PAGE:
Families in Food: Cream of the Crop

Run by Parsis, the George Restaurant in Pune’s Camp, has been betting big on a Mughlai dish for over 70 years.

Written by Tanushree Ghosh | New Delhi | Updated: October 14, 2018 6:00:08 am
George, restaurant, parsi food, parsi cuisine in pune, where to find parsi food in pune, families in food, pune, indian express, indian express news Parsi delights: Mutton Biryani (R) and Reza Aryaei, the third-generation owner of the George Restaurant in Pune (L) (Photo Courtesy: George Restaurant)

“Bhau, CAMP chalo (Take me to Camp),” I say, plonking myself in an autorickshaw and making my way through Pune’s breezy cantonment area, lined with avenues of flowering trees on either side, dodging two-wheelers zooming out of nowhere. Soon we reach Hulshur area in the Camp locality. George Restaurant is one of the first restaurants to come into view on East Street, which runs parallel to MG Road, both dotted with eateries new and old.

“The British cantonment was here, in this part of Pune, which is called Camp but should be called Cantt. I don’t know why, maybe we are chic. The Christian, Parsi and a popular Muslim community stayed here and the city was on the other side, where the Marathas lived. Now that the area has exploded, all this has become one,” says George’s third-generation owner Reza Aryaei, 37, even as he instructs the ustad to check the rice while sniffing his fingers. He is making the dry biryani spice mix for an order to be dispatched to Solapur, around four hours from here. Their restaurant, says Aryaei, and their cousin’s Blue Nile is known for biryani in the city.

George was started in 1936 by Aryaei’s maternal grandfather, Hassan Jafari. The seventh-generation migrant remembers tales of his ancestors entering India via Karachi. Jafari had two daughters so his son-in-law — Aryaei’s father, Mansoor Aryaei (now 69) —  took up the restaurant business. “Somehow, the Parsis were in the good books of the Britishers as they had oil contracts in Iran but they wouldn’t get jobs in the service industry. Food business was a natural option — chai, bun maska, and bakery goods — apna Indian public ko chai peena hi peena hai (Indians loved their tea) and they produced the best leaves. The Britishers gave permission and funds to open restaurants,” says Aryaei, over butter toast, akuri (scrambled eggs) and Irani chai, describing the tradition of brewing tea in the copper vessel, Samovar, for nearly an hour which gives it its iconic lingering taste.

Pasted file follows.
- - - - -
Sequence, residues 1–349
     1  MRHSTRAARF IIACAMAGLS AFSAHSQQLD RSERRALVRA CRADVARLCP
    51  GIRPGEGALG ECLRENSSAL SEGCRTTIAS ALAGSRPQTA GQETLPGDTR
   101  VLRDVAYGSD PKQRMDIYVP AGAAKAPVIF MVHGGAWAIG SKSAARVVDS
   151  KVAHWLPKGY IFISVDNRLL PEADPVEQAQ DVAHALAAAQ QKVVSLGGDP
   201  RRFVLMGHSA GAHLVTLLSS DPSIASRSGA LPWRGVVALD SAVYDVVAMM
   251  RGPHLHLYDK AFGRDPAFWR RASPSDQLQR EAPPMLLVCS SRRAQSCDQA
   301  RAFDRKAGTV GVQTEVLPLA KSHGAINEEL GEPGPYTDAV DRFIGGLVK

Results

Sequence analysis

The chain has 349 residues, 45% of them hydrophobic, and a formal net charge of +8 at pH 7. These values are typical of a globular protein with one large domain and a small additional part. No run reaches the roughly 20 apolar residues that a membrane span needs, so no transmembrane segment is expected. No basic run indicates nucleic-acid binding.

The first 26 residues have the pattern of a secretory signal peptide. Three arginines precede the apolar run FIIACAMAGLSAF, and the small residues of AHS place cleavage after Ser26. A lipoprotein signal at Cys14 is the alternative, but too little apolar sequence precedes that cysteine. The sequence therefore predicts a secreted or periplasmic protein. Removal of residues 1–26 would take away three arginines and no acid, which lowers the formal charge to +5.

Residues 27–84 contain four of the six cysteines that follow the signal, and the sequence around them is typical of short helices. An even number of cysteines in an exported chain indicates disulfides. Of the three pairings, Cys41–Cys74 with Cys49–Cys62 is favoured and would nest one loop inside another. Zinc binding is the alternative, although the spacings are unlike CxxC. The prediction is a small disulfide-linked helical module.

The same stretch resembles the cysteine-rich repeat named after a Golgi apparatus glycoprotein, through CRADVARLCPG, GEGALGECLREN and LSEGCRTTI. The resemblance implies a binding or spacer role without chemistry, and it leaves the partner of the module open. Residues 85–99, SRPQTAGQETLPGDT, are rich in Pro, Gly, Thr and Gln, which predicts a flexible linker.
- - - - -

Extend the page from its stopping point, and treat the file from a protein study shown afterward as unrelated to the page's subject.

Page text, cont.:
In 1980, a fire burned down the restaurant. It was reopened a year later and can now accommodate 230 guests, from about 40 earlier. George started with a limited menu — mutton biryani and mutton masala with rotis, besides the regular Parsi fare of dhansak, patra ni machhi, etc. “We had dishes like grilled lamb chops and steaks, which were discontinued because of no sales. Nothing sells like our biryani (mutton Rs 350, chicken Rs 300, besides fish, prawns, chicken tikka, and a vegetarian variant),” says Aryaei, adding that they make their own garam masala, “Don’t ask me about it because I won’t tell you,” he says with a smile, “You know it’s cooked to perfection when, after removing the handi lid, the first aroma makes you hungry,” he says.

If not the biryani, try the Persian dishes — chello kebab (Rs 320), jujeh kebab (Rs 300), chello murgh (Rs 300) — and end the meal with the mandatory caramel custard (Rs 90).

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